Tuesday, July 7, 2015

Judging Women

Do we make it impossible for women to live without judgement?

The ugly judgement of society (w subtitles... share awayyy)
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Thursday, July 2, 2015

Our Inner Garden: The Gut Is Our Largest Sensory Organ

Giulia Enders, microbiologist and author of Gut: The Inside Story of Our Body's Most Under-rated Organ, explains just how the gut works and why it is so important.

This video a US interview on The Agenda

Interview on Lateline (excerpt)

TONY JONES: Indeed. Let's look at some of the areas you focus on in your book and the first one is the possible link between obesity and gut bacteria. Are there studies which show the difference between the gut bacteria of obese and normal weight people?

GIULIA ENDERS: Yes, there are plenty of studies, actually. And we see, for example, that there are some bacteria that can be found in people with higher weight. I would - I like to call them the "chubby bacteria" because we see that they can actually harvest more calories out of the food you eat. And we see that overweight people, they - when they go to the toilet, there are less calories that they excrete and other people, they just excrete more of the calories they take and up and - and then we see that there are things like diversity. Having a more diverse ecosystem will actually be a very protective thing for people struggling with overweight. We see that some diets, when they work on a person and they don't work in another person, there was a study that showed that it worked when it altered the gut flora. So all those things are interesting and I think in terms of diversity, also interesting when we think about the definition of what is clean and what is cleanliness, because we see it's more diversity and not trying to sheltering off things that might be not good all the time. It's really more a balance thing of trying to get the good stuff just as well as protecting from the bad. (Lateline ABC July 2015)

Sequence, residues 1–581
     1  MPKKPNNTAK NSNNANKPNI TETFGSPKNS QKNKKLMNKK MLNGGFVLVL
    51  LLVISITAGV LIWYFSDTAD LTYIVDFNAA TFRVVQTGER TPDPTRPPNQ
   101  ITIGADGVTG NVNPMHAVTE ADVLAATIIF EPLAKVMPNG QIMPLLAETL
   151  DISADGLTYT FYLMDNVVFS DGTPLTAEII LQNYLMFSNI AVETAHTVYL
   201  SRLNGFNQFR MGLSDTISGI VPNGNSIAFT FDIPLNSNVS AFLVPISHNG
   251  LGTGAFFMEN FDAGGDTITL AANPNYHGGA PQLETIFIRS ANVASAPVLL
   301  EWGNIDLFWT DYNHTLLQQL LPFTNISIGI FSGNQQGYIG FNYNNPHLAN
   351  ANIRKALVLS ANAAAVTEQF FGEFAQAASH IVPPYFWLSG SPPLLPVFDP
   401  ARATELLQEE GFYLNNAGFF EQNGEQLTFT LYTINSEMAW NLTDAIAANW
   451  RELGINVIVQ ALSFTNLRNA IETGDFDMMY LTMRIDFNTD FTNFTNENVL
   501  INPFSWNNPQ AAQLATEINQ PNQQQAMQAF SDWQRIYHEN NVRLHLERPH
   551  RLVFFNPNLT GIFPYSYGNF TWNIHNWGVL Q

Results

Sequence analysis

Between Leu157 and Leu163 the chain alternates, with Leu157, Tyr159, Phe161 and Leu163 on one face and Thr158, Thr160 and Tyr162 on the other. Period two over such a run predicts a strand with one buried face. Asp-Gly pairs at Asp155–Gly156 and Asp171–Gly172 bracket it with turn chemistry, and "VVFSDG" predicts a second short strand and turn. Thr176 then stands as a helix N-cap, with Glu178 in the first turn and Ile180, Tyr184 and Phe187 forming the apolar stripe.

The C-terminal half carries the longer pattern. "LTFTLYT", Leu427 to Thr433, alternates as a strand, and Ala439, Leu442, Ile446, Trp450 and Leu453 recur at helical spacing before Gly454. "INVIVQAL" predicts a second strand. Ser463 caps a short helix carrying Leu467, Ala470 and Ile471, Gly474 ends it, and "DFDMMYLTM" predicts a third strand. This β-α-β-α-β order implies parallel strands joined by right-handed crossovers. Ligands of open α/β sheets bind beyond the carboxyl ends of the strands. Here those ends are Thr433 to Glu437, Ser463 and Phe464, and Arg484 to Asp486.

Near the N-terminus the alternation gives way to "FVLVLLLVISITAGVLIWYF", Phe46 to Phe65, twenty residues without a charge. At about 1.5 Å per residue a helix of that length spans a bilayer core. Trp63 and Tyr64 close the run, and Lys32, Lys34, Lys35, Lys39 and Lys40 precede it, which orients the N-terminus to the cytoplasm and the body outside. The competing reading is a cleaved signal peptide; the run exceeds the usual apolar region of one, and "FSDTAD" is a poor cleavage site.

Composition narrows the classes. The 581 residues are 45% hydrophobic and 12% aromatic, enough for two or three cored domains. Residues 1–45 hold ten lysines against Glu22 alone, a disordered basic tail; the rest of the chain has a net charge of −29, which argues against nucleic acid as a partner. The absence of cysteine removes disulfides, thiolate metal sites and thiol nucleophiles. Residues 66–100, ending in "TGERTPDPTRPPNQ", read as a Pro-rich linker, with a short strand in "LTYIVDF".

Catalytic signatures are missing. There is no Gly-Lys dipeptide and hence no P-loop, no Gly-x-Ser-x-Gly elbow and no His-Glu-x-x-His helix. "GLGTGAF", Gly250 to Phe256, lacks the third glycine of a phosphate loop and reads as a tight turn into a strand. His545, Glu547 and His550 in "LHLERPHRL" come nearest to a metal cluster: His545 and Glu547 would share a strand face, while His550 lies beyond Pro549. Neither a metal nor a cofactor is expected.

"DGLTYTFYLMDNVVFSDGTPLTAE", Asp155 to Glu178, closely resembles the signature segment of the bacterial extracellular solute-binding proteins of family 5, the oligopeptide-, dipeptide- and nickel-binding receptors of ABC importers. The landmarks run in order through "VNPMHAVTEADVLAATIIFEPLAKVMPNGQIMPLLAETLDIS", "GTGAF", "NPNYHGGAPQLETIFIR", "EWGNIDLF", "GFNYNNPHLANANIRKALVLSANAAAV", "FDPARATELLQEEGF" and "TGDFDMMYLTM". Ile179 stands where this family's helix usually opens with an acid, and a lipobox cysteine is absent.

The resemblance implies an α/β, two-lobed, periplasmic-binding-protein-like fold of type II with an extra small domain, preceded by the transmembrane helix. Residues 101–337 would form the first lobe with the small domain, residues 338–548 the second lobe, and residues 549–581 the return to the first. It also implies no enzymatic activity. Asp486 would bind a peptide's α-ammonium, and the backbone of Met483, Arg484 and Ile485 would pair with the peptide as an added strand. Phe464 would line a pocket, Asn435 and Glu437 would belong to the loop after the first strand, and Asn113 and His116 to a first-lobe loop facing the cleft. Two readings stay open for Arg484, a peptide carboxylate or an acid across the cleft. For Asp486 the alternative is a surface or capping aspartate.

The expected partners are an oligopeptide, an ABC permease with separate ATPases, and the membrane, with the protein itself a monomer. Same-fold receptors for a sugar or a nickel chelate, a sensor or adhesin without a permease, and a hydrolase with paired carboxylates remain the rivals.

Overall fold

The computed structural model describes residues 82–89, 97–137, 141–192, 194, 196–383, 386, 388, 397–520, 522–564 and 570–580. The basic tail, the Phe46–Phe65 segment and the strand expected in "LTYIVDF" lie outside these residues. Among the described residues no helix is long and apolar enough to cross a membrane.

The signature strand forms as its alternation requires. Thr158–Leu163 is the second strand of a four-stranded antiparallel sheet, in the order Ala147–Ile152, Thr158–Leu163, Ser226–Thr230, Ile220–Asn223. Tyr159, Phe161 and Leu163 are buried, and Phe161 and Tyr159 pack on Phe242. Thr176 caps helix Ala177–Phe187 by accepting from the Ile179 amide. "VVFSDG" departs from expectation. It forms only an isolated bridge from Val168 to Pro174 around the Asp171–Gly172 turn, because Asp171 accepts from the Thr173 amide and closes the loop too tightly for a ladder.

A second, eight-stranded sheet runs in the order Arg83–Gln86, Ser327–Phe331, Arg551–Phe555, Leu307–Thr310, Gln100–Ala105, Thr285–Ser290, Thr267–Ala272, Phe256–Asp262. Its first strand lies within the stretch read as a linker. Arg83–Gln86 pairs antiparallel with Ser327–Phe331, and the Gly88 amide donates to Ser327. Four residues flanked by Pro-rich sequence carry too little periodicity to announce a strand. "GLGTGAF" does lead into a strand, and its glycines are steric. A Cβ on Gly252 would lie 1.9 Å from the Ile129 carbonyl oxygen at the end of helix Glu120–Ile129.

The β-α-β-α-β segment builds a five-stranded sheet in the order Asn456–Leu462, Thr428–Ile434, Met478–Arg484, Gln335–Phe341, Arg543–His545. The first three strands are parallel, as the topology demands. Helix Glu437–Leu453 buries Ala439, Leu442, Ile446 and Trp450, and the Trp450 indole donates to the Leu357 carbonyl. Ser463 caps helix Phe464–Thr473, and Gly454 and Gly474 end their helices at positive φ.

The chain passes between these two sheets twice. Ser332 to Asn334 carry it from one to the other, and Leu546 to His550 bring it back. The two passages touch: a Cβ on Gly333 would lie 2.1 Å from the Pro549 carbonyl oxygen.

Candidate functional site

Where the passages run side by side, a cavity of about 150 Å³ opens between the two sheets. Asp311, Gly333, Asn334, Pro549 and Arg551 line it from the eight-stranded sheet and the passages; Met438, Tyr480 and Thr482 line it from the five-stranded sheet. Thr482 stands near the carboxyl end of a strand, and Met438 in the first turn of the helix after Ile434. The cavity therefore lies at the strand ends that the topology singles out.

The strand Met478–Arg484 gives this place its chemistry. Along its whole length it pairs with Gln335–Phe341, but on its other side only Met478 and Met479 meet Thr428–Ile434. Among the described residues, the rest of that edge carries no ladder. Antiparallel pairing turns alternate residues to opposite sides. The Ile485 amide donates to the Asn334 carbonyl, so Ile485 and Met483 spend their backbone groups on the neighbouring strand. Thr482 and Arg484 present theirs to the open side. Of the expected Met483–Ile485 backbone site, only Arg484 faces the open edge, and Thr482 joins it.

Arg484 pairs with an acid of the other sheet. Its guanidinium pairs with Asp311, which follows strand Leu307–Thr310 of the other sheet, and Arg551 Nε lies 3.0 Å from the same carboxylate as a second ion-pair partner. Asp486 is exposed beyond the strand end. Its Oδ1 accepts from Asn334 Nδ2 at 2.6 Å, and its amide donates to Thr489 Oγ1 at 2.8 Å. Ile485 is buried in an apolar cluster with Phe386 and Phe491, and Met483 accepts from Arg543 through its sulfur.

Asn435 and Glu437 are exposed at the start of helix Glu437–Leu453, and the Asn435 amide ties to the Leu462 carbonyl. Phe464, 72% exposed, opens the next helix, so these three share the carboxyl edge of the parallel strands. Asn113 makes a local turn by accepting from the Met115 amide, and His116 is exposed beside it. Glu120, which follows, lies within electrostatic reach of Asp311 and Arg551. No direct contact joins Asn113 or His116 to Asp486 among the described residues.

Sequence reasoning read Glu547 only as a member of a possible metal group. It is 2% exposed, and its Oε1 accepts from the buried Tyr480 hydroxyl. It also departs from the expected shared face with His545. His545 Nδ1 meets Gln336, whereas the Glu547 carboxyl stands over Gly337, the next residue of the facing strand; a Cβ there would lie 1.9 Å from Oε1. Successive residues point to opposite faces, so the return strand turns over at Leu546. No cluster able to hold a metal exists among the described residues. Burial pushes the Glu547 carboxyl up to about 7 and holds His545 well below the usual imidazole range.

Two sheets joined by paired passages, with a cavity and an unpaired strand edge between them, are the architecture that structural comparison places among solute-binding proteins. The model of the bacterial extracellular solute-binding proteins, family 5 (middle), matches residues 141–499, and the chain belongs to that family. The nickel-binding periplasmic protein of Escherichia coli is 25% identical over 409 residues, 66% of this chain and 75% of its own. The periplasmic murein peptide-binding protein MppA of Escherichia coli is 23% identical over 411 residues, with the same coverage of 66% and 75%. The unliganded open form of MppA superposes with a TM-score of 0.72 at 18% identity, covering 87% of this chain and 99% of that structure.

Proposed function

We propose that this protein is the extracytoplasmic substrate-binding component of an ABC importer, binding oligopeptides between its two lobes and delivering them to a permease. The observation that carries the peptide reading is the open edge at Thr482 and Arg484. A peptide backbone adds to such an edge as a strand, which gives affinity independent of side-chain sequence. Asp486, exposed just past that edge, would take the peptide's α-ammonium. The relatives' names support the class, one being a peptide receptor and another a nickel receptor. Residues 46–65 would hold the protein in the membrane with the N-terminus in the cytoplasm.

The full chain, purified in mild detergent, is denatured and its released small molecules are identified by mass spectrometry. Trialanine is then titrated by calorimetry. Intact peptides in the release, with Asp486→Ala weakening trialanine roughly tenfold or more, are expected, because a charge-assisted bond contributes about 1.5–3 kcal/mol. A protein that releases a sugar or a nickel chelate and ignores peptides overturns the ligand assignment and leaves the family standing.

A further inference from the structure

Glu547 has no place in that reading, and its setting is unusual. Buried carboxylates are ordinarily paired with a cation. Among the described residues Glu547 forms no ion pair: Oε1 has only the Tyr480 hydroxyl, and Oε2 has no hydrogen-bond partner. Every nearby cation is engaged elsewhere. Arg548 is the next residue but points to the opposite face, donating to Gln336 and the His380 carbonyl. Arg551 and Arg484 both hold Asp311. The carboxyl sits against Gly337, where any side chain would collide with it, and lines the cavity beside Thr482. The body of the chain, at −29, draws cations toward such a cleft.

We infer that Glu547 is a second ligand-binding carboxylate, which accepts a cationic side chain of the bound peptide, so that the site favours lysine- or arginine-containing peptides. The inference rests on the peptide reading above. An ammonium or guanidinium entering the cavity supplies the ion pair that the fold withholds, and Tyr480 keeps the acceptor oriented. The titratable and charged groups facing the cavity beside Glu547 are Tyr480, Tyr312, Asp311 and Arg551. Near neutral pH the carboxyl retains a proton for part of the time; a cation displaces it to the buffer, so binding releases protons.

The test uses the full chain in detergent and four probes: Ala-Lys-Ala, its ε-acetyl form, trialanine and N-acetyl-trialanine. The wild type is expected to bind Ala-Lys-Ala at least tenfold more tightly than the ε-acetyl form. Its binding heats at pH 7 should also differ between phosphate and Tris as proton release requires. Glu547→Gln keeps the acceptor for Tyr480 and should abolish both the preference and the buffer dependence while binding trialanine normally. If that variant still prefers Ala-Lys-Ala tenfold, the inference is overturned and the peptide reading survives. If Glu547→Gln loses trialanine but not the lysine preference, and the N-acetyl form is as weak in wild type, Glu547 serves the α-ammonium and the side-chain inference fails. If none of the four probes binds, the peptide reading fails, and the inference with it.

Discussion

TONY JONES: Now, from early on in your book you looked at the connections between the gut and some mental illnesses and you were inspired in fact by the suicide of a fellow student, who, as it turned out, also had very bad halitosis and I think you made a connection with that person and wondered whether that sort of connection might exist with other forms of mental illness, whether there was a genuine connection between the gut and the brain. Is there real science around this now?